Anarchist Communist Federation
Rave New World?
As the ecstasy debate continues with the recent sensationalised Daily Mirror anti-Ecstasy campaign, and the ‘All about E’ Guardian discussion; the general emphasis as always, and not surprisingly , has been on the negative aspects of E — the consequences and the oft quoted statistics of between 50 and 60 casualties from E since 1988; (incidentally drink causes an estimated 28,000 fatalities in Britain per year [Melody Maker 8/6/96]). Even the so called progressive attitudes of the various drug information agencies and experts concentrate on possible harm and side effects. But what about the positives? Are there any? Can millions of people each week be wrong? Does raving /Ecstasy have any place within revolutionary politics? Is it anti-revolutionary? How has it affected the social environment of Britain?
“...The turn of the decade and the pop clock begins to bring politics into fashion as organised raves and warehouse parties are busted, banned and trashed by cops throughout Britain. Just south of Leeds, the biggest mass arrest ever seen in this country...during one large outdoor rave.. the authorities are putting the scare on pop, dance music, new (different) drugs, people organising outside the established clubs.. the threatening, sexist, macho atmosphere connected to night-clubs is swamped by something new, exciting and even joyous...”
(Chumbawamba — Showbusiness!)
As Chumbawamba suggest, the advent of raving and the accompanying use of Ecstasy has positively changed the social life of many; especially women. Nicholas Saunders, in his second work about Ecstasy, Ecstasy and The Dance Culture puts forward two possible reasons for this positive transformation. The first, a purely biological point, proposes the idea that as Ecstasy is a sexual suppressant, women are able to enjoy themselves free from sexual advances and hassle from men, “...Traditional alcohol-based events always had an undertone of trying to score sexually through flirting and small talk...”[Saunders — Ecstasy and The Dance Culture] The second, offers the idea that traditional cultural values are being rejected, “...Although many young people in the dance scene now drink and do not take ecstasy, the normal way to behave is still without small talk or sexual aggression...”.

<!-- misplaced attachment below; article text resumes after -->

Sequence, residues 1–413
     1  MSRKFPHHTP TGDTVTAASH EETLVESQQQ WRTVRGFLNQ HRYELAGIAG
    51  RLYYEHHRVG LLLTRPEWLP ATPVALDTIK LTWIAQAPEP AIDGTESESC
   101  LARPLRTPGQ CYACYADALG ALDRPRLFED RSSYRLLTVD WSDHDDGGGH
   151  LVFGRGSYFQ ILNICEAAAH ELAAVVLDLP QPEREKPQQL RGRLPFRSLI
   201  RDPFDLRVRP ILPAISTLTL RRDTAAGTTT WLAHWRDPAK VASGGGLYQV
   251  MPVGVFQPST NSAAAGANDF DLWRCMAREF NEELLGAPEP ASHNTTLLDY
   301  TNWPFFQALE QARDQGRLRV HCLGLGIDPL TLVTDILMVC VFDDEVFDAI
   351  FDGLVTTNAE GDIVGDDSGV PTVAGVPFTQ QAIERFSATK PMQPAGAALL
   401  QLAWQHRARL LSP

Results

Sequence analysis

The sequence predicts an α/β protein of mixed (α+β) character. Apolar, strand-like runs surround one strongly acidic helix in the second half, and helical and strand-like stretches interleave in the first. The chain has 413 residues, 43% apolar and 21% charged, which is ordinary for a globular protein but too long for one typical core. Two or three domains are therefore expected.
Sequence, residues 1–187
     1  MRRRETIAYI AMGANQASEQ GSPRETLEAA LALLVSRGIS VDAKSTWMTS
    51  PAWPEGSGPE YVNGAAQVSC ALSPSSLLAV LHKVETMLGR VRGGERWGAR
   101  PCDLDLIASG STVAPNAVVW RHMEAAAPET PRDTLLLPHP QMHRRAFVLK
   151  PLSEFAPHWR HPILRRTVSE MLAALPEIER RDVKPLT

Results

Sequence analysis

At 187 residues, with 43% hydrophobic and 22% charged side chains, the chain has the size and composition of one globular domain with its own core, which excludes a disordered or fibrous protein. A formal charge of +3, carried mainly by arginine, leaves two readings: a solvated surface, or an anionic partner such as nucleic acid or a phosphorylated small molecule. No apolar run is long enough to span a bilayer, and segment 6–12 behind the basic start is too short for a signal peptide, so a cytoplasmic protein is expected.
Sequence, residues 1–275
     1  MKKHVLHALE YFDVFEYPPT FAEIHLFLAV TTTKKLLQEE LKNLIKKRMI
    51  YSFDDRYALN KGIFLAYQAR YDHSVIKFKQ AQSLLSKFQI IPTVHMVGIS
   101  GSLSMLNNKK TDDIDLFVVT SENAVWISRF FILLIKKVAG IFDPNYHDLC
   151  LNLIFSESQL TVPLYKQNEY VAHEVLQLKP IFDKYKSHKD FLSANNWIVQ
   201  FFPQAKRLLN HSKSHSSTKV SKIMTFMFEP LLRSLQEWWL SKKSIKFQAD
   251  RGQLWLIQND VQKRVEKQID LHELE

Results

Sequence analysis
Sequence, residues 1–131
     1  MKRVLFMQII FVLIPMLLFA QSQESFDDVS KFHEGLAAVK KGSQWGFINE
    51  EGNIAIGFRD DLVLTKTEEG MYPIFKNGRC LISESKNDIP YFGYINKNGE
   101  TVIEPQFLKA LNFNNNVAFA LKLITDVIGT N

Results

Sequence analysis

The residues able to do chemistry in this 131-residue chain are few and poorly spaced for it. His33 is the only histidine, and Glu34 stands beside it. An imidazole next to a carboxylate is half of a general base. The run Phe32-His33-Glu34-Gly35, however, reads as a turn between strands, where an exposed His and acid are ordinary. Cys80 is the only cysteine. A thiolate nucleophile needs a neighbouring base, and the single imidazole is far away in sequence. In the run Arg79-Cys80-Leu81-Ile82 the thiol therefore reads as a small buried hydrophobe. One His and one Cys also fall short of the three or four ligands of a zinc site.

It is quite probable that both of these points are true; as a sexual suppressant, especially for men, Ecstasy focuses the users attention on other things- namely the music and dancing. The result, more often than not, is a more relaxed and friendlier atmosphere; especially for women. This atmosphere perpetrates the desire for more of the same, and this is where the rejection of traditional cultural values could be seen to come into play.
Breaking Down Barriers
Another case in point, illustrating this combination, is that of the rave scene in northern Ireland. As the scene developed and became popular around 1994, many young people (between the ages of 14 and 20), both Protestants and Catholics, became involved. The difference between this social scene and the pre-rave culture was that they became involved together. Saunders explains further;
“...I heard rumours that the effect of young people taking Ecstasy at raves in Northern Ireland was to break down sectarian barriers. In the summer of 1994, just before the IRA ceasefire, I spent 3 days in Northern Ireland... I interviewed teenage kids at a rave event in the Catholic club with a home video camera...lots of them were keen to tell me about the friendships they had made with members of the opposite sect who, they assured me, they would never have met otherwise...”
Without wanting to suggest that years of political conflict could be solved by dance music and E, Saunders’ Northern Ireland experience does illustrate the existence of the two points mentioned which could account for the change in the participants social behaviour. Aggression is gone, leading to the breaking down of barriers hence the rejection of traditional cultural values i.e. catholic only and Protestant only clubs, “...We’ve never known anything but hatred... It’s always the same: them over on one side, you on the other, except at raves...”.